Why South Africa prosecutors want to appeal Oscar Pistorius conviction
South African prosecutors disagree with the culpable homicide conviction and the five-year sentence for Oscar Pistorius. They believe the judge misinterpreted the law, and Pistorius should be convicted of murder.
South African prosecutors will appeal the verdict and sentencing of Oscar Pistorius, who was handed a 5-year prison term after being convicted of culpable homicide, the country's National Prosecuting Authority said Monday.
"We are appealing it," said Nathi Mncube Mncube, a prosecution spokesman. "Both conviction and sentence."
Prosecutors will file papers in court, and more details about their appeal arguments will be available at that time, Mncube said.
Pistorius started serving his prison sentence on Oct. 21 after he was acquitted of murder by a judge and found guilty of a lesser charge of culpable homicide, or manslaughter, for shooting girlfriend Reeva Steenkamp through a toilet door in his home last year.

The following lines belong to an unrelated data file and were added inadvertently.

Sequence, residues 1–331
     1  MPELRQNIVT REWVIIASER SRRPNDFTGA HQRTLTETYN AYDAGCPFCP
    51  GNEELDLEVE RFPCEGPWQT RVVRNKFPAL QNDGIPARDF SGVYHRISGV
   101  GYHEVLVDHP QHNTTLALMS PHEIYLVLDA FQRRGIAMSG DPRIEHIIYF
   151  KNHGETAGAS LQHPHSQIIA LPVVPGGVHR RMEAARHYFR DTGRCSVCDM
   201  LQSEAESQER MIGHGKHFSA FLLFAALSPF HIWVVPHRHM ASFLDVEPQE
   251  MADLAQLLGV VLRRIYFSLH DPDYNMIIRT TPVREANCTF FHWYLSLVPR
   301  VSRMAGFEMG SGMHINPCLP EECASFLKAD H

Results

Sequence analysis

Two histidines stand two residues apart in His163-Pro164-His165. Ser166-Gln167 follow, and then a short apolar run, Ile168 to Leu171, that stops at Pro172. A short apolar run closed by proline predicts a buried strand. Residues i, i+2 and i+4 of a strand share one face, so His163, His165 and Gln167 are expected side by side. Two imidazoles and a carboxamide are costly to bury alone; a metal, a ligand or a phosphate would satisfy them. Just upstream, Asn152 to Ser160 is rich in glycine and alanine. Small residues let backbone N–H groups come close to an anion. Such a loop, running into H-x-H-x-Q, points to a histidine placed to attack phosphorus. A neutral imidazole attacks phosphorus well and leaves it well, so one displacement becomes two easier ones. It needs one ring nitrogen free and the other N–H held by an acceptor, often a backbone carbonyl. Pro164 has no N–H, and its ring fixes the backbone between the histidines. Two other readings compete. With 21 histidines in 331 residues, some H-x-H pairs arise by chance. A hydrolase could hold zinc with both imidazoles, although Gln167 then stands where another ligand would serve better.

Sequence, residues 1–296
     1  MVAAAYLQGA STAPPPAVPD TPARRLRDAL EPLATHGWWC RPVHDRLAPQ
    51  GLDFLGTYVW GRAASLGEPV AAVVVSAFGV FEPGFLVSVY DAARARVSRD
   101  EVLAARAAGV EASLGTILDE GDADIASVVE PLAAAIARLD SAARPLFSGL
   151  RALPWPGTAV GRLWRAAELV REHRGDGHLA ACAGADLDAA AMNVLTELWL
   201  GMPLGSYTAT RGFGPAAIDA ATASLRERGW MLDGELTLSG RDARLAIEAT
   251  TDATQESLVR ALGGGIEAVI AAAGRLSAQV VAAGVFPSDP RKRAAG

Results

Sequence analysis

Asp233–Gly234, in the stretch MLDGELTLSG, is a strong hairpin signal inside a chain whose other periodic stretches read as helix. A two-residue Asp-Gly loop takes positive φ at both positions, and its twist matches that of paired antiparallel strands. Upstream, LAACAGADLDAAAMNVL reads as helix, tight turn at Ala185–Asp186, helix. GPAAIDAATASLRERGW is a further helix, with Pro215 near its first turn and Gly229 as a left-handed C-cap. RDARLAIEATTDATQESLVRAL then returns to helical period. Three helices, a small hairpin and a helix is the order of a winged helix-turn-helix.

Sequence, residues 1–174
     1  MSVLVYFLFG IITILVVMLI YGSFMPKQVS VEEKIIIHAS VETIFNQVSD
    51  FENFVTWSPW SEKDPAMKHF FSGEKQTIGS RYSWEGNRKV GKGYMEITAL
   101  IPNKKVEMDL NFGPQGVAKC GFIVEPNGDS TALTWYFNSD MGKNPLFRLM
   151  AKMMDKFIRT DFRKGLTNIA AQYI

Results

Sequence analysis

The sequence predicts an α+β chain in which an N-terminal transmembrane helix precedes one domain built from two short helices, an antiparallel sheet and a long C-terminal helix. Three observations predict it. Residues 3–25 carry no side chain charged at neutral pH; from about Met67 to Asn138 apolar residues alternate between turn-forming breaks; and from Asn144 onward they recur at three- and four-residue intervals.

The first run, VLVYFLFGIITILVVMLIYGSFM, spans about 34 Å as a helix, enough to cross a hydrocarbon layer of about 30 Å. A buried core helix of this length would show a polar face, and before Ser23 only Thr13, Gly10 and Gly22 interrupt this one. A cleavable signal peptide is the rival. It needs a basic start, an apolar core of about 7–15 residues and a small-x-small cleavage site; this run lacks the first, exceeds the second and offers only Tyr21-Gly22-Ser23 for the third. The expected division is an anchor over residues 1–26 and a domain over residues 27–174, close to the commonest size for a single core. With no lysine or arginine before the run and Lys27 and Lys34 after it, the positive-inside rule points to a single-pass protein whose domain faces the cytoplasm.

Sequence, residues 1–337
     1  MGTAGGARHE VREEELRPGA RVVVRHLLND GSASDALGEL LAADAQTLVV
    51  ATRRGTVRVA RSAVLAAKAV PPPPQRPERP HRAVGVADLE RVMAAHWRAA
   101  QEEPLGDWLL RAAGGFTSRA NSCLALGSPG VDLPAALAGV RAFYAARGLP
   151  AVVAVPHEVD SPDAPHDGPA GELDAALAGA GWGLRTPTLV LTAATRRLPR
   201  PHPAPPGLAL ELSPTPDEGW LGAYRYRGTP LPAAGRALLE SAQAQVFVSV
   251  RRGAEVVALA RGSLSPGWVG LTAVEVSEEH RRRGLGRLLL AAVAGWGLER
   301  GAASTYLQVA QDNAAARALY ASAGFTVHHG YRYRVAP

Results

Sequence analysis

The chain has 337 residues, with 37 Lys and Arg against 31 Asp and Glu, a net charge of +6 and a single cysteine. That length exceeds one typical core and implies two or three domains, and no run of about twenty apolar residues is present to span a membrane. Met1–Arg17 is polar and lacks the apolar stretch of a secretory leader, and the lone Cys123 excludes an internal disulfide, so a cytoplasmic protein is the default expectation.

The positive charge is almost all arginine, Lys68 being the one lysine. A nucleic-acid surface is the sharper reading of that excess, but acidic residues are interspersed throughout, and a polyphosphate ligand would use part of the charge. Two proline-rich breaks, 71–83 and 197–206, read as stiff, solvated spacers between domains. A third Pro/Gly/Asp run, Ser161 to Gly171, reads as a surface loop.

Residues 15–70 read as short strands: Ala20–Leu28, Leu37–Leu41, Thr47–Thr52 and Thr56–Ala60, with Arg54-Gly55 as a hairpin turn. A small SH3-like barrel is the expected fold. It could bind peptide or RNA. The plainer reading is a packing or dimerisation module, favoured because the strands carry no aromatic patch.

Under the current terms, the Olympic runner is eligible for release after 10 months and would then complete his sentence under house arrest.
At the time of the sentencing, Mncube said prosecutors were disappointed with the culpable homicide conviction and that prosecutors believed they had a strong murder case against the double-amputee athlete.
The decision to go ahead with further court action means Pistorius could still face a murder conviction and a much longer prison term for killing Steenkamp.
Chief prosecutor Gerrie Nel laid the groundwork for the decision to appeal, speaking with Prof. James Grant, a criminal law specialist at Johannesburg's University of the Witwatersrand, Mncube said.
Judge Thokozile Masipa's decision to acquit Pistorius of the culpable homicide charge had been questioned by some legal analysts.
Grant, a television analyst during Pistorius' trial, was among them and wrote on Twitter that he had advised prosecutor Nel to appeal. He said he agreed to assist.
Experts say there are grounds for an appeal, partly because the judge may have misapplied a part of South African law called "dolus eventualis" — which says someone should be found guilty of murder if they foresaw the possibility of killing someone and went ahead anyway. The experts questioned how Masipa ruled that Pistorius did not predict that someone might die when he decided to shoot four times from close range into a small toilet cubicle in his home, hitting Steenkamp in the hip, arm and head.
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